Liposuction is sometimes used to remove fat from under the arm before the excess skin is excised. Care must be taken to avoid disturbing deeper layers of fat in order to protect the nerves, glands and veins of the arm.
The arm lift incision runs all the way from the armpit to the elbow on the inside of the arm. Those who are considering brachioplasty must understand that they will be left with long scars on the insides of their arms.
Three layers of sutures are used: a deep layer of dissolving stitches; a middle layer of sutures to close the incision and a top layer of light sutures to create a thin scar.
Following surgery, a dressing is applied and your arms are wrapped in elastic bandages.
- Some pain and nausea can be expected. This can be relieved with anti-pain and anti-nausea medications. Take them as directed. If you are coming from out of town, please have these medications with you.
- Begin taking antibiotic medication once home from surgery and continue until the prescription is finished.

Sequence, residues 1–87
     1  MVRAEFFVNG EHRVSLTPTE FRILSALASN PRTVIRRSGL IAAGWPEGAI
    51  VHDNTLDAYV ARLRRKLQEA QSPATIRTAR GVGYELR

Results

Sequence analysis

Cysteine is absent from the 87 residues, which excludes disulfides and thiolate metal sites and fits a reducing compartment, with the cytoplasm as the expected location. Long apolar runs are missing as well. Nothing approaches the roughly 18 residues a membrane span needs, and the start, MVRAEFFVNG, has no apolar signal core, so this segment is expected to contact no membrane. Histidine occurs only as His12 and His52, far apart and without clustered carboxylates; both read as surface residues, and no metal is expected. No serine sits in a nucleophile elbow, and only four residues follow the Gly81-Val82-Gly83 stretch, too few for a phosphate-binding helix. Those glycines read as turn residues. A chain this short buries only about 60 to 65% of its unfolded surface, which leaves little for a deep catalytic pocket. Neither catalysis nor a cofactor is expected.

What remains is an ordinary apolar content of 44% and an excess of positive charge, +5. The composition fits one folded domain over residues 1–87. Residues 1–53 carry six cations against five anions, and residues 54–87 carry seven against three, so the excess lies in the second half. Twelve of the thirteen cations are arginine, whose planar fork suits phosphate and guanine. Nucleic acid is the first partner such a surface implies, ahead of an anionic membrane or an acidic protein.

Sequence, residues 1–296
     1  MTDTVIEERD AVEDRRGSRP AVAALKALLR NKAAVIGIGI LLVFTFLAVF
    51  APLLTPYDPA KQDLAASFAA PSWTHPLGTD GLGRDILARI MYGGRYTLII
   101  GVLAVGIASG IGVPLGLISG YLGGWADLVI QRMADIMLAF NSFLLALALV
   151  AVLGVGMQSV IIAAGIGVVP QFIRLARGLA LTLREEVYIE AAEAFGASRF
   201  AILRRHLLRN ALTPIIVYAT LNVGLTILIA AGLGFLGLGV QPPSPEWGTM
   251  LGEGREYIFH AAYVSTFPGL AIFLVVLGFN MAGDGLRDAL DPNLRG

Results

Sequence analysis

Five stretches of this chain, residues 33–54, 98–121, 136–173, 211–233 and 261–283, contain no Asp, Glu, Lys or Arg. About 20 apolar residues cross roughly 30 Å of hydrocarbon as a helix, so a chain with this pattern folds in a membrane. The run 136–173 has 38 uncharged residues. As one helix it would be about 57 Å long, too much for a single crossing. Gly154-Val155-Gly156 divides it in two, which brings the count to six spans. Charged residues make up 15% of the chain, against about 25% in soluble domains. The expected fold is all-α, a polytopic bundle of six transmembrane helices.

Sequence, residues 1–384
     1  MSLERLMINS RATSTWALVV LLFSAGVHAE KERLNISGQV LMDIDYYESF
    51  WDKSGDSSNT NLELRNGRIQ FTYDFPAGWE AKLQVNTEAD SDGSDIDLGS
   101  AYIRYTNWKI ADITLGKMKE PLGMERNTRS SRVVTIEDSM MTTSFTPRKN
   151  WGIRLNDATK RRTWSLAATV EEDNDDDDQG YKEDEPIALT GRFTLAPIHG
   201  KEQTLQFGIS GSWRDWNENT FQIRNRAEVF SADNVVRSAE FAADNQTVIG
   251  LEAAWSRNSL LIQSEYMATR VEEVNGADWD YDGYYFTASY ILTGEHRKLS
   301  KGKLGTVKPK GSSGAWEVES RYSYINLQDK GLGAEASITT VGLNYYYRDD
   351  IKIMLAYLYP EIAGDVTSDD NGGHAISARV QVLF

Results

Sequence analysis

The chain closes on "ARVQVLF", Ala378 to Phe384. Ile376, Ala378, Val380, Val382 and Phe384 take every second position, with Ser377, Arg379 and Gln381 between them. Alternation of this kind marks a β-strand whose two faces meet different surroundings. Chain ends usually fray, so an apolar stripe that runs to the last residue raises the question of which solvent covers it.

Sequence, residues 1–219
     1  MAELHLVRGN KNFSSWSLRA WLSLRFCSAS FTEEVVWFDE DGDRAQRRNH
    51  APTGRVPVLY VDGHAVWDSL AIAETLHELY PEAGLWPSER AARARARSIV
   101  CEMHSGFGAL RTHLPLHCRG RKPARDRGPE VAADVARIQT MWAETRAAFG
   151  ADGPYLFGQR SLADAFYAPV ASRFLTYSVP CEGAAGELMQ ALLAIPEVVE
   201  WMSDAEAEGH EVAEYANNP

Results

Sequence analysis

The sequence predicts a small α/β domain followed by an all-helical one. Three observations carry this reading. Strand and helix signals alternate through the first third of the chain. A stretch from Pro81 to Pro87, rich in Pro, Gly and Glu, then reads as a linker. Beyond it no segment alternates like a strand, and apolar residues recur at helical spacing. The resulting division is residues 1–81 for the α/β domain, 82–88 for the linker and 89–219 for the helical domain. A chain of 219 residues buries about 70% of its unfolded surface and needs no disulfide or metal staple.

- Any bandages worn post-operatively should be comfortable and not too tight. Adjust as necessary.
- Use cold compresses 20 min on and off during waking hours. Use a facecloth soaked in ice water and drape over face. Never place ice directly on skin.
- Maintain a regular fluid intake during the day. Gatorade is a good option. Restrict fluids after supper; increased fluid intake will increase swelling.
- Rest is important to minimize pain, nausea and swelling.
- Try to maintain an upright sitting position at all times (ie: 25-45 degree angle) for the first 2-7 days post-op. This will assist in the reduction of post-operative swelling and speed healing time.
- Begin a light nutritional regime and increase food intake as tolerated.
- Take anti-pain medications with food to avoid an upset stomach. Begin taking antibiotic medication once home from surgery and continue until prescription is finished. Eat yogurt while taking antibiotics. If diarrhea occurs, stop antibiotics and call our office for further direction.
Call (403) 228-1313 if you have any questions or concerns.
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Post-operative Day 1
- You may remove the bandage and shower if you wish. Remove all gauze.
- Be aware of any unusual swelling or a sudden increase in pain. If either of these are noted, phone the office as soon as possible.
- Continue to maintain a regular fluid intake during the day, decrease after supper.